[Editor: A poem from the Boomerang, reprinted in The Worker, 1894.]
The Australian Nation — When?
When the Govnah’s hauty aides,
Who go chasing married ladies,
And the Colonel who gives ordahs to fire low upon the crowd
Have surrendered to the sabre
In the horny fists of labour
Or departed to some motherland where pests are still allowed.
For the coming social order
Will expel the rich marauder,
And put the gay Maginnis on their everlasting “Give,”
And that host of loafing bummers,
The Imperialist drummers,
Will discover that they’ve got to graft if they intend to live.
’Tis then the starving workers
Will uprise against the shirkers,
And the crowd that neither toil nor spin will all be swept away ;
While the capitalist stingy
Will be bringing down his bingey,
By pulverising bluestone spalls for eight long hours a day.
Then we’ll lose the swish of blood, too,
And the dear old sickening thud, too,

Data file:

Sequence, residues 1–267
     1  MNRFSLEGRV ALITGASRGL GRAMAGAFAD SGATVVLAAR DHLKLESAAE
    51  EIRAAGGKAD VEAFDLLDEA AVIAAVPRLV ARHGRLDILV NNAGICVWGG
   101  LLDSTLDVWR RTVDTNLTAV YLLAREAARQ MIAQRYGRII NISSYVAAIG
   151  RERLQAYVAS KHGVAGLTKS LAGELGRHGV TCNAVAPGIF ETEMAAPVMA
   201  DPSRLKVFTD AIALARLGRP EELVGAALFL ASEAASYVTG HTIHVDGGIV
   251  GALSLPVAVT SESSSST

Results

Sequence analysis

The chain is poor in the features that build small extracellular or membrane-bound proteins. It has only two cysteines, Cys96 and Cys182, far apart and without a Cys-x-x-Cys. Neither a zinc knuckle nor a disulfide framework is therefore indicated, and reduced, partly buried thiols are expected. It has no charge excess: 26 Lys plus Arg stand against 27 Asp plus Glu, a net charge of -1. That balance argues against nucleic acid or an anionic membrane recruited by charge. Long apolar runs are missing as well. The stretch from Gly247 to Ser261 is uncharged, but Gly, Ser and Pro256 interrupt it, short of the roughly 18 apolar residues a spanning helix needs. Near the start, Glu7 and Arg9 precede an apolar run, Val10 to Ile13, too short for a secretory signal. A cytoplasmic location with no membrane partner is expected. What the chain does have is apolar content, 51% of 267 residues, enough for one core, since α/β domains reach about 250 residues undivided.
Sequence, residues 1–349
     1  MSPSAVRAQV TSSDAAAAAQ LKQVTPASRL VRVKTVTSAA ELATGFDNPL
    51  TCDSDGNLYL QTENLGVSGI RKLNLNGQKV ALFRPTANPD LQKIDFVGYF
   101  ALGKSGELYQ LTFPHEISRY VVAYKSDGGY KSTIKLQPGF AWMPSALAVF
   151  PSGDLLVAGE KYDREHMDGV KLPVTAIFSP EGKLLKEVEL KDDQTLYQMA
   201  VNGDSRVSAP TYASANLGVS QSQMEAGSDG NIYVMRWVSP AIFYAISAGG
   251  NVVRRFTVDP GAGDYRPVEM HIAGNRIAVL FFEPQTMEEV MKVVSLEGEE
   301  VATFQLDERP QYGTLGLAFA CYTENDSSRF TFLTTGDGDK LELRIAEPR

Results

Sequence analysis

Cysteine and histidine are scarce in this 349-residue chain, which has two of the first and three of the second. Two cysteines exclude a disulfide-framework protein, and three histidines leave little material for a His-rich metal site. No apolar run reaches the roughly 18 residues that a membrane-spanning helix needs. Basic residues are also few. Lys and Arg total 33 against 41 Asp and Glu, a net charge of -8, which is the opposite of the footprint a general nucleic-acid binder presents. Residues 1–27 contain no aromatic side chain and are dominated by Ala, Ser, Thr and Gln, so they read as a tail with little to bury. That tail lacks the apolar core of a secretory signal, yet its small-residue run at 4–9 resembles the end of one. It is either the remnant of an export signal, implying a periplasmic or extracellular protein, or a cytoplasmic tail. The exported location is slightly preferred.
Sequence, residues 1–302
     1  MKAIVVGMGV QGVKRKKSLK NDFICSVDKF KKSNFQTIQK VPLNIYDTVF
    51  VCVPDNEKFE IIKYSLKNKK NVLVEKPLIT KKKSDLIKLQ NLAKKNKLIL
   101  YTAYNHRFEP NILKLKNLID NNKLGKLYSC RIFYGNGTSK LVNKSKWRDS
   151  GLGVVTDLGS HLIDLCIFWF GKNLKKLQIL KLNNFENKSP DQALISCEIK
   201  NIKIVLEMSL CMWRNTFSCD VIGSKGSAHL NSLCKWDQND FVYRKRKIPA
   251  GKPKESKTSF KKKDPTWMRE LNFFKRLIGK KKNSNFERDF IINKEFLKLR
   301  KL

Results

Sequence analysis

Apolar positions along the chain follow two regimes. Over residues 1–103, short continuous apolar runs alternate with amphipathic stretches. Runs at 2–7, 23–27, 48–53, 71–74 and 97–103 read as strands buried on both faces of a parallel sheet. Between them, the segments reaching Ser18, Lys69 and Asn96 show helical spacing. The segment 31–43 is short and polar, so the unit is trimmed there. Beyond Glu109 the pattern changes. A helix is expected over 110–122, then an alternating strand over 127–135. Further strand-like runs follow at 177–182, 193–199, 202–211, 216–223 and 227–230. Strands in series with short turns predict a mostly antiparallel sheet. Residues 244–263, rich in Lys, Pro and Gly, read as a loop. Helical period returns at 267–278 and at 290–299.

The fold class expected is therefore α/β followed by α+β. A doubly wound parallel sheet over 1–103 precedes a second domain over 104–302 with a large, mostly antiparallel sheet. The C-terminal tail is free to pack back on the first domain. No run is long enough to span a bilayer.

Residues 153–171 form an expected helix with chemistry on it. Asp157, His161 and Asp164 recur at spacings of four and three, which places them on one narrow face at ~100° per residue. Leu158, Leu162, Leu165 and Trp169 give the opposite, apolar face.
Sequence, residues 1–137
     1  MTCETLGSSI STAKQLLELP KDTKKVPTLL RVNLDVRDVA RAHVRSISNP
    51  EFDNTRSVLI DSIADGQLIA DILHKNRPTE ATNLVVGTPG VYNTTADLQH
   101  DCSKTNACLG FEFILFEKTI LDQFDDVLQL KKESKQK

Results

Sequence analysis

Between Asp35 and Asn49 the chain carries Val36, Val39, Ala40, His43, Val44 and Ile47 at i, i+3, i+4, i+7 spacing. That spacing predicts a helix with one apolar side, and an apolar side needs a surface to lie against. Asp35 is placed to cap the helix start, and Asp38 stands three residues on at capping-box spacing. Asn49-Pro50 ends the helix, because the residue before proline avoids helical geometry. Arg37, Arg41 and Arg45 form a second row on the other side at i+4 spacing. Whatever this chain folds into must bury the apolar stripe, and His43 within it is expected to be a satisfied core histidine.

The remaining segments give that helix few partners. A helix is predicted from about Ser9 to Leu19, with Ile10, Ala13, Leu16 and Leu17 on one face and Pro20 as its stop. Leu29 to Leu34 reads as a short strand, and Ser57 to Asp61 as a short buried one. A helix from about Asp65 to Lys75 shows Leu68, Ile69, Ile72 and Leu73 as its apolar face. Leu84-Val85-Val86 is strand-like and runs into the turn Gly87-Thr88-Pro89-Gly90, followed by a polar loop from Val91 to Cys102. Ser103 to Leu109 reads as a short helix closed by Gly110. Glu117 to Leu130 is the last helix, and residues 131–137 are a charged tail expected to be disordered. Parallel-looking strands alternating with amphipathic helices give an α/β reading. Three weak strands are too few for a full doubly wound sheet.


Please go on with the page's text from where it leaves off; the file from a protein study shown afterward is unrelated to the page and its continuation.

When Turner is a vanished dream and Patterson forgot.
And the orders and the spangles
And the bracelets and the bangles
Of the last departed lordling go for eighteenpence the lot.
Then we’ll end the imposition
Of the proud Toorak patrician,
And the loud-voiced metallician will for ever hold his jaw ;
While the Tory agitator,
With his “Britain Great and Greater,”
Must earn an honest living or depart for England’s shore.
When united is Australia,
Without fear of split or failure,
When Protection and Freetrade have done their everlasting fight,
When the rabbits are abated
And the Chinese exterminated
It’s then will be the day when a new nation sees the light.
In the Melbourne Boomerang.
The Worker (Brisbane, Qld.), Saturday 13 October 1894, page 2
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